Post-Brexit, Fed official worries about slower growth, further EU departures
(Bloomberg) -- Federal Reserve Bank of Dallas President Robert Kaplan said Britain's vote to exit the European Union could slow growth and the most significant question raised by the decision lies in potential spillover effects as other countries ponder their own place in Europe.
"Is there contagion? What does Ireland do? What does Scotland do? What do other EU countries do?" Kaplan told Bloomberg in an interview Thursday in Washington. "In this case, political and economic are intersecting. And it will take a significant amount of time to see how all that unfolds."
Kaplan's comments come a week after the U.K. voted to exit the European Union, news that shook global markets and led investors to almost completely discount a Fed interest rate increase this year. He said the decision is also creating a financial market reaction and spurring uncertainty that will drag on growth.
"At a time where global GDP growth has been sluggish or disappointing, I think an event like this on balance is going to tend to reduce GDP growth," Kaplan said.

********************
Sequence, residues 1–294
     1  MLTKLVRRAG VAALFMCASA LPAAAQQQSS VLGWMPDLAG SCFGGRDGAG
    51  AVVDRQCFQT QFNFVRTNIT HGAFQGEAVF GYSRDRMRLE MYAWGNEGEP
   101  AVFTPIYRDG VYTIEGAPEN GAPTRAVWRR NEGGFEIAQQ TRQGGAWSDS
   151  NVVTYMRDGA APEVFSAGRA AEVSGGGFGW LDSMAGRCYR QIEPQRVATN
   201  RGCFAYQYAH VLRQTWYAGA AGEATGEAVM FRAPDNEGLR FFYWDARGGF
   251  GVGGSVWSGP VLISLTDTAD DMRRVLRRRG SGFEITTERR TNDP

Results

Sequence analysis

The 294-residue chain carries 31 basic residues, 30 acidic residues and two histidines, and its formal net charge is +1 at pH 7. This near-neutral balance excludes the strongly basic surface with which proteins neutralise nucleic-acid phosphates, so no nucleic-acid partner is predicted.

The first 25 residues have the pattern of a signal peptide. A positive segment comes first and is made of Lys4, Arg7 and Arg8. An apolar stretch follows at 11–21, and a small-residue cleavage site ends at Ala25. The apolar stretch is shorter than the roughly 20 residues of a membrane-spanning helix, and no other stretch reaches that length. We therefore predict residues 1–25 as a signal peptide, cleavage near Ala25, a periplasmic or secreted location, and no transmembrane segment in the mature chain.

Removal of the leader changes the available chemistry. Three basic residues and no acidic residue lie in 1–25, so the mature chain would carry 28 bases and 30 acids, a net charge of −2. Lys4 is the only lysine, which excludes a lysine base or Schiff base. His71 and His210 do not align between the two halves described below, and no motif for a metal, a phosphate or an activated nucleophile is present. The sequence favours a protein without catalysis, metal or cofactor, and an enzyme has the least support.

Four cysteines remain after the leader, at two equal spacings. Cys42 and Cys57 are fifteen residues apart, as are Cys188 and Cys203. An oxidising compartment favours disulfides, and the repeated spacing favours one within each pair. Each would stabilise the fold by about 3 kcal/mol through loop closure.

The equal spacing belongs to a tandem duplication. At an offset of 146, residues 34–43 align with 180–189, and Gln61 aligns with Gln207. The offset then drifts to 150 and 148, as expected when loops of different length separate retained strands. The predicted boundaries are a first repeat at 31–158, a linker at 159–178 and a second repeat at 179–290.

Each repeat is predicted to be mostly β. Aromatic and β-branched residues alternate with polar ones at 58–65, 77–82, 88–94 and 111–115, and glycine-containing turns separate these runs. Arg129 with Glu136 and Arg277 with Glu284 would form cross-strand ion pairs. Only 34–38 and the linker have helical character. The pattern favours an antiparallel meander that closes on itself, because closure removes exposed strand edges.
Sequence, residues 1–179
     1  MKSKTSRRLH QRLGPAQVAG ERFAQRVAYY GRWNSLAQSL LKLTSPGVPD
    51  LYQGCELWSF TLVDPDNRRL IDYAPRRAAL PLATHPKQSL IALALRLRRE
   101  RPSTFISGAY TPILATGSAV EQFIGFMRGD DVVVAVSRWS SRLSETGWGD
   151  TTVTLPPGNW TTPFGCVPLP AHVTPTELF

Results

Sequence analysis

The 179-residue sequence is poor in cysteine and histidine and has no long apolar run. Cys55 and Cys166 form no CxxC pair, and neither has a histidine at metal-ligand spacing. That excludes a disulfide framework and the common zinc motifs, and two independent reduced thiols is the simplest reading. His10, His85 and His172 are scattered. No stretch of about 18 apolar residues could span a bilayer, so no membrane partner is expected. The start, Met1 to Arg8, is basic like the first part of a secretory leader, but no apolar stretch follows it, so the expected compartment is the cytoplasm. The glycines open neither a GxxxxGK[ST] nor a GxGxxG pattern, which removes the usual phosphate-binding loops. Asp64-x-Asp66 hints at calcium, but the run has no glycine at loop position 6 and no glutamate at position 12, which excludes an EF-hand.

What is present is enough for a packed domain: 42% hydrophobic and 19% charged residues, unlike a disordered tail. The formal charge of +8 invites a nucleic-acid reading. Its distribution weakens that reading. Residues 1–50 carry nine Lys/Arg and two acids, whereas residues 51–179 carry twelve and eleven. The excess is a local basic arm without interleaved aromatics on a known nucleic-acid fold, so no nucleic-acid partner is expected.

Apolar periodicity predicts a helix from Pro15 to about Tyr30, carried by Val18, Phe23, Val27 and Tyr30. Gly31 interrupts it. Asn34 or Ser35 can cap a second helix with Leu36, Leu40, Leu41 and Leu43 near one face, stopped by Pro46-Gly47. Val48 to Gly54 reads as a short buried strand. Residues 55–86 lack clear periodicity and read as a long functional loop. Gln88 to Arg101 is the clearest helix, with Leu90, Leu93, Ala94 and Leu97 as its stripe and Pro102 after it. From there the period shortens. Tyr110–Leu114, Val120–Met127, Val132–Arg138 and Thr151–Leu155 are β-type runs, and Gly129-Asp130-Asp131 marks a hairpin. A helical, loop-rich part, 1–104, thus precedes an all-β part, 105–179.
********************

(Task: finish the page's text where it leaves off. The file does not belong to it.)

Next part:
Central bank pledges of support have helped to contain the fallout from the Brexit decision, helping global equities to recoup part of the $3.6 trillion of market value wiped out Friday and Monday.
Kaplan is only the second Fed official to comment publicly since the Brexit vote. Governor Jerome Powell said on Tuesday that the U.K. decision added to negative risks from abroad, and "as the global outlook evolves, it will be important to assess the implications for the U.S. economy, and for the stance of policy appropriate to foster continued progress toward our objectives."
Though markets currently expect the Fed to keep rates on hold at least through December – and even then the chance of a hike is viewed as low, according to prices in interest rates futures – Kaplan noted that there's an employment report between now and the Fed's next meeting is July 26-27 and the market could move again. He declined to comment on his own outlook for rate increases.
Speaking about market expectations in general, Kaplan said that "my guess is you're going to see some convergence between what we're planning on doing and what the market thinks we are going to do."
That's "not perfect, there's always a gap. But my experience is, this divergence tends to take care of itself," he said. "In which direction, I'm not sure yet."
Kaplan became the Dallas Fed's president in September 2015 and will be a voter on the policy-setting Federal Open Market Committee next year.